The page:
It is possible to dissolve some cholesterol gallstones with medication taken orally. The medication is a naturally-occurring bile acid called ursodeoxycholic acid or ursodiol (Actigall, Urso). Bile acids are one of the detergents that the liver secretes into bile to dissolve cholesterol. Although one might expect therapy with ursodiol to work by increasing the amount of bile acids in bile and thereby cause the cholesterol in gallstones to dissolve, the mechanism of ursodiol's action actually is different. Ursodiol reduces the amount of cholesterol secreted in bile. The bile then has less cholesterol and becomes capable of dissolving the cholesterol in the gallstones.
Learn more about: Urso
There are important limitations to the use of ursodiol:
- It is only effective for cholesterol gallstones and not pigment gallstones.
- It works only for small gallstones, less than 1-1.5 cm in diameter.
- It takes one to two years for the gallstones to dissolve, and many of the gallstones reform following cessation of treatment.
Due to these limitations, ursodiol generally is used only in individuals with smaller gallstones that are likely to have a very high cholesterol content and who are at high risk for surgery because of ill health. It also is reasonable to use ursodiol in individuals whose gallstones were perhaps formed because of a transient event, for example, rapid loss of weight, since the gallstones would not be expected to recur following successful dissolution.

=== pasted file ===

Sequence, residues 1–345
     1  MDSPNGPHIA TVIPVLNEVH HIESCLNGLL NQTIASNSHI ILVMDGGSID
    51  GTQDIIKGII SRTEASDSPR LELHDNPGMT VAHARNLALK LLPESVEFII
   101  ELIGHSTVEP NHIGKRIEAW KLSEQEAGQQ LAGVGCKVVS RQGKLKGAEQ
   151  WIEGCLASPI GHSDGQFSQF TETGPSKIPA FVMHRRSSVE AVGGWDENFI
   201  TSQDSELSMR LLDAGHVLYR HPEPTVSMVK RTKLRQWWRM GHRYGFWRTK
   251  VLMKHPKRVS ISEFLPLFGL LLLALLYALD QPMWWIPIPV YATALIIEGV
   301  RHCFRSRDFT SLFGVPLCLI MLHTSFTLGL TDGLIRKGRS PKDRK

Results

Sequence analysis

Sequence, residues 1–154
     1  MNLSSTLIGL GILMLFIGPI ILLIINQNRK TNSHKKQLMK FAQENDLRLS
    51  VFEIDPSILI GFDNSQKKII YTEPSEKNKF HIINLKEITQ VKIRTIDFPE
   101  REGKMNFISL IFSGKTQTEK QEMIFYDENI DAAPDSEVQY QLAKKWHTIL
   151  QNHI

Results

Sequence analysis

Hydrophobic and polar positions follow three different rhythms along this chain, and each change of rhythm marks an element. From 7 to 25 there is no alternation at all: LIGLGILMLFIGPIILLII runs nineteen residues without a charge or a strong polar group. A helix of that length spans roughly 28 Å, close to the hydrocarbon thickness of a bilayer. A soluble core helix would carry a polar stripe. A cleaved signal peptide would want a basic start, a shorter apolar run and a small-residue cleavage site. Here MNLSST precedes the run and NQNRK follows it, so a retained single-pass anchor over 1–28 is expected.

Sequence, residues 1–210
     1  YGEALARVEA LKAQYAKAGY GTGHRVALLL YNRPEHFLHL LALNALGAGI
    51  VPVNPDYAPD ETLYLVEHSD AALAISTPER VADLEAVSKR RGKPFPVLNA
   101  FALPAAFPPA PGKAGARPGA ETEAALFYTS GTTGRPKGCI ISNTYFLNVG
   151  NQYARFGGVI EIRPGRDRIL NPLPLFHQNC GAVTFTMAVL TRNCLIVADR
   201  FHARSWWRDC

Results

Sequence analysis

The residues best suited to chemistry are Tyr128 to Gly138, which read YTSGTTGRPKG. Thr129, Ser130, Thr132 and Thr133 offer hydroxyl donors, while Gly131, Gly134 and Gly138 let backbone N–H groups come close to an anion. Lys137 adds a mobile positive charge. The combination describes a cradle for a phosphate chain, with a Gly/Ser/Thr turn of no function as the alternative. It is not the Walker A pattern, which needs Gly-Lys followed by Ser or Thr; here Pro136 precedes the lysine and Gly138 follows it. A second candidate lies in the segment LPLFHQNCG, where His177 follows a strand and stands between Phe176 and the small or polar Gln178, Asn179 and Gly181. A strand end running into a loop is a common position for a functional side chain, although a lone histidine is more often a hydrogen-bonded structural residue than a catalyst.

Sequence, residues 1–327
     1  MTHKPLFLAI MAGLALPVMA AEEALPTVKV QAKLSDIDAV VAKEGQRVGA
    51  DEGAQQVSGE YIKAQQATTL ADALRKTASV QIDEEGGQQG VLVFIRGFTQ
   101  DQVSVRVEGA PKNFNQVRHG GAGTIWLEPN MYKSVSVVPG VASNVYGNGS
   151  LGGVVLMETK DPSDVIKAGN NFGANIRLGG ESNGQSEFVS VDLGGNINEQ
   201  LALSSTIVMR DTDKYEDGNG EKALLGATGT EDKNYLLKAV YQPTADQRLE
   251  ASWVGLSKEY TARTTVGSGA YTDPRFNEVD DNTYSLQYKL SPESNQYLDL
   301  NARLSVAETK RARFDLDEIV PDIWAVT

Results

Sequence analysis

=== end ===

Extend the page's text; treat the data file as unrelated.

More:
Extracorporeal shock-wave lithotripsy
Extracorporeal shock-wave lithotripsy (ESWL) is an infrequently used method for treating gallstones, particularly those lodged in bile ducts. ESWL generators produces shock waves outside of the body that are then focused on the gallstone. The shock waves shatter the gallstone, and the resulting pieces of the gallstone either drain into the intestine on their own or are extracted endoscopically. Shock waves also can be used to break up gallstones via special catheters passed through an endoscope at the time of ERCP.